Fans and followers of Joseph Campbell’s–like Campbell himself–like stories. They like aphorisms like that of Eli Wiesel that “God created human beings because He loves stories.” Campbell liked to tell stories. His audiences liked to listen to him. And they probably went home and repeated those stories to other people.
One theme then in Campbellian thought is that we ought to read and listen to and analyze the great treasury of mythological stories that come down to us from around the world because they’re great art in themselves. Religion and creative art are aspects of one another.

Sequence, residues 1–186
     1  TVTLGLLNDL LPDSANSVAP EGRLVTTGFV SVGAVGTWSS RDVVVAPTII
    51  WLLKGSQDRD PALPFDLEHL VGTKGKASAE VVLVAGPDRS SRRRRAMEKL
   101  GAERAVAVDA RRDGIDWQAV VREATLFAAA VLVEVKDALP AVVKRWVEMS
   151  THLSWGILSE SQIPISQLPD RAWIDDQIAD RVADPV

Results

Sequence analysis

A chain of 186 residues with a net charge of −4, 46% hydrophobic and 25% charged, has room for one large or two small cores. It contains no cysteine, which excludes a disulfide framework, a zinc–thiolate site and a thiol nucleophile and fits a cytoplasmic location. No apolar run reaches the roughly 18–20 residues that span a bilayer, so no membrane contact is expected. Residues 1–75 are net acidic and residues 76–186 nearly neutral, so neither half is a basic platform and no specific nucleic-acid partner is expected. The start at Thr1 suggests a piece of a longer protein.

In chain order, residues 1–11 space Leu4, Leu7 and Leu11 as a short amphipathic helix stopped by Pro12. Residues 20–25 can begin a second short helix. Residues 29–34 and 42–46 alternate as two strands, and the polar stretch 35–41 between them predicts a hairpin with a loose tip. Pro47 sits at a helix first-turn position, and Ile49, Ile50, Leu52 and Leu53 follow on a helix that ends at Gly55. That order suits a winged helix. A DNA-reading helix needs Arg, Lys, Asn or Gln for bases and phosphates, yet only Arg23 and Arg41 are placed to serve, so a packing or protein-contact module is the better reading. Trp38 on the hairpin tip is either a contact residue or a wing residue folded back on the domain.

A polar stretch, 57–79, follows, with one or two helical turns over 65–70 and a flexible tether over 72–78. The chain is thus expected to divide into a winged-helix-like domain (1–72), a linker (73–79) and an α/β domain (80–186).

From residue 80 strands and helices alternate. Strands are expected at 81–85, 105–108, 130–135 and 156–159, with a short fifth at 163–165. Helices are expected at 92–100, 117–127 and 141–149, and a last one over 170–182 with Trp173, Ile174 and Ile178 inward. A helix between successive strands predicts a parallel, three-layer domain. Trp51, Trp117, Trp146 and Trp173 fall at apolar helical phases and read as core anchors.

In the same way you go to art museums to appreciate the high culture forms of past artisans and artists, so you might read the mythological stories from the past and even participate in the religious practices of those people who still practice religion (and believe in it as literal truth–“God’s own Truth”) but with your own enlightened perspective.
This results in even more valorization of myth for its own sake. And further raises the spectre of the “pre/trans fallacy.” Just because you–as a modern, sophisticated, intelligent person well-read about religion–can see deep and profound meaning for you in the stories of the past, it doesn’t follow that the prophets and evangelists who composed the religions knew or intended such profound wisdom.